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Vol. 13, No. 30 Week of July 27, 2008
Providing coverage of Alaska and Northwest Canada's mineral industry

Mining News: Junior chases Pebble-like deposit

Western Copper envisions developing Casino Project as large open-pit copper-gold-molybdenum mine with 30 years of production

By Rose Ragsdale

For Mining News

CARMACKS — Western Copper Corporation said its Casino copper-gold-molybdenum deposit in central Yukon Territory has the potential to be developed economically as a sizable open-pit mine.

The porphyry deposit at Casino is the latest in a long line of precious- and base-metal zones of mineralization in the area to be considered for extraction. It is considered unique among Canadian porphyry deposits, with a substantially preserved oxide gold leach cap, a well-developed supergene or near-surface, copper-enriched zone, and a hypogene, or deeper, copper-gold zone.

Geologically, it is somewhat similar to the Pebble copper-gold-molybdenum deposit in Southwest Alaska, but about one-tenth of Pebble’s size, according to Yukon officials.

“Frankly, I think Casino is much better situated for development than Pebble,” said Jonathan Clegg, P. Eng., vice president, engineering for Western Copper, said during a recent visit to the Carmacks copper project, a sister venture 120 kilometers, or 75 miles, to the southeast.

History of lucrative mineralization

Prospectors staked placer gold claims in the area in 1911, and placer gold production continued on and off for decades until 1985. In 1917, the Geological Survey of Canada recognized huebnerite (MNWO4) in the heavy mineral concentrates of the placer workings. A small amount of tungsten was recovered during World War II.

In 1936, silver-lead-zinc veins were discovered 3 kilometers, or about 2 miles, from the placer workings. Over the years, veins were explored and developed intermittently and a total of 372.5 metric tons of hand-cobbed argentiferous galena, assaying 3,689 g/t silver, 17.1 g/t gold, 48.3 percent lead, 5 percent zinc, 1.2 percent copper and 0.02 percent bismuth, were sent to a smelter.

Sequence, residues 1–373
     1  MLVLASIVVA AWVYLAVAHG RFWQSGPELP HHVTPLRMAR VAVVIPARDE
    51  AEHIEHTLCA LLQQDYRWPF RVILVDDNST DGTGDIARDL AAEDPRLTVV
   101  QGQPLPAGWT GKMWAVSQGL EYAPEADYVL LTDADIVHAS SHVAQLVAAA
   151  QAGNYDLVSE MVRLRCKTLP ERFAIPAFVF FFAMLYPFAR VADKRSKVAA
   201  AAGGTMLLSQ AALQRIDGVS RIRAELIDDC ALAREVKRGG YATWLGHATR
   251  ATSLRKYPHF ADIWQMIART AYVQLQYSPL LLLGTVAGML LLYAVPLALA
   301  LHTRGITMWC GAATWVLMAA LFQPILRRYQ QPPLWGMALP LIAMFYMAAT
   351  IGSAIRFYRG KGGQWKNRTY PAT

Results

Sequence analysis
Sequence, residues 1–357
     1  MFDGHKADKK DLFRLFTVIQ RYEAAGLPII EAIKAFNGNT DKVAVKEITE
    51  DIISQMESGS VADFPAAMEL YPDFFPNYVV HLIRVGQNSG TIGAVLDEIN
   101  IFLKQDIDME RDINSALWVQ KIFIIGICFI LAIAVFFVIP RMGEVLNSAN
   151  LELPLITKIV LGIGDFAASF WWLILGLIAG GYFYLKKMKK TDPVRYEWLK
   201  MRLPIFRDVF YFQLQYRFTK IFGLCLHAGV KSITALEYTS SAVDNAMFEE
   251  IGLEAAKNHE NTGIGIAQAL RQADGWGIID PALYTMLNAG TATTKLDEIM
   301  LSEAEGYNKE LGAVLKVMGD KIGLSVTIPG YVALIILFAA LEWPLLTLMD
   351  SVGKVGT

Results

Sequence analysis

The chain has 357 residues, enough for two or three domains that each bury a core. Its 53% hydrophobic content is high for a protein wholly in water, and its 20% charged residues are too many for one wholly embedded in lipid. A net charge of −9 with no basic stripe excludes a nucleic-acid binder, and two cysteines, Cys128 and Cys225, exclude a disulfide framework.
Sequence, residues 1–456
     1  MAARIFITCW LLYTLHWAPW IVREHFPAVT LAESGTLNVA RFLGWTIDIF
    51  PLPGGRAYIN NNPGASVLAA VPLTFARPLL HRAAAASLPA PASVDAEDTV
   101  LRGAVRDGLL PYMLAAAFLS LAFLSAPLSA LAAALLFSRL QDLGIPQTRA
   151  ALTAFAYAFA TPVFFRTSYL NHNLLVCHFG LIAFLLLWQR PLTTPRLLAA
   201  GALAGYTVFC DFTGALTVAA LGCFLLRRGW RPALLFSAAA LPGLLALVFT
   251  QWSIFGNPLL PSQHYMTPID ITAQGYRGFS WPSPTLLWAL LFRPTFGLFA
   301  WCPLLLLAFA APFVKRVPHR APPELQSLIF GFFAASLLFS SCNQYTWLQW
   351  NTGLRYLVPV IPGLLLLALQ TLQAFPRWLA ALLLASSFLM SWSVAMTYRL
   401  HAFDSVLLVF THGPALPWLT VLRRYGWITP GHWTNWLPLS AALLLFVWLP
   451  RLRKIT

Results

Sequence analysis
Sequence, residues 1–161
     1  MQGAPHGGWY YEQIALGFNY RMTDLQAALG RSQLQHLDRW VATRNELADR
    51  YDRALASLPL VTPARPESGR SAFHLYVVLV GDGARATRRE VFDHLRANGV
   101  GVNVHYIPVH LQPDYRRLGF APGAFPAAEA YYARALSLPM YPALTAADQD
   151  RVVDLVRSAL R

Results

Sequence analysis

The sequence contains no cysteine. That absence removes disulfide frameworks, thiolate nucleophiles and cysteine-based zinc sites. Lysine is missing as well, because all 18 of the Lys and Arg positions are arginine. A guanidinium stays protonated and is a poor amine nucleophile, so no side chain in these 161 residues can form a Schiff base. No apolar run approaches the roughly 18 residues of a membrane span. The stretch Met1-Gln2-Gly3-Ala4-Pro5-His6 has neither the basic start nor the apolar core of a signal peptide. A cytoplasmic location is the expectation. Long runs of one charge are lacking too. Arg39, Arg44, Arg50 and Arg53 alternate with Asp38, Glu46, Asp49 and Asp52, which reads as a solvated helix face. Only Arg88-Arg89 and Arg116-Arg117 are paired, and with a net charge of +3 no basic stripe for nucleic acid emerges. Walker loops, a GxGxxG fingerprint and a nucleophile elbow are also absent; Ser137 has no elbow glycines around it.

Casino’s porphyry potential was first noticed in 1963 and the deposit was discovered in 1969 by a Teck Cominco predecessor company, based on earlier exploration by A. Archer of Archer Cathro.

Casino also is believed to be the largest gold deposit in the Yukon, according to Mike Burke, head of mineral services at Yukon Geological Survey.

The deposit’s discovery actually sparked exploration in Yukon that led to subsequent discoveries of the Minto and Carmacks Copper deposits as well as others in the 1970s, Burke said.

Gold recovery first

The pre-feasibility study estimates an initial capital cost of $2.1 billion for the project, which would produce 3.6 billion pounds of copper, 320 million pounds of molybdenum and 5.1 million ounces of gold over a 30-year mine life.

The pre-feasibility study recommends development of Casino as a conventional, electrified truck-shovel operation that initially focuses on the deposit’s oxide cap as a heap leach operation to recover gold in Dore form.

“This will give us cash flow from the project before we complete the mine,” Clegg said.

The main sulphide deposit will be processed using a conventional concentrator to produce copper-gold and molybdenum concentrates. The mill will have a nominal production rate of 90,000 metric tons of sulphide ore per day averaged over the life of the mine, while the heap leach will nominally process up to 30,000 metric tons per day for seven years.

Including low-grade and stockpile ore, the average annual stripping ratio is estimated at 1to1 over the life of the mine and 0.7 to1 for years 1-6.

The study estimates an NI-43-101 compliant proven and probable mill ore reserve of 914 million metric tons grading 0.21 percent copper, 0.024 percent molybdenum and 0.24 g/t gold. The compliant proven and probable heap leach ore reserve is estimated at 78 million metric tons grading 0.43 g/t gold.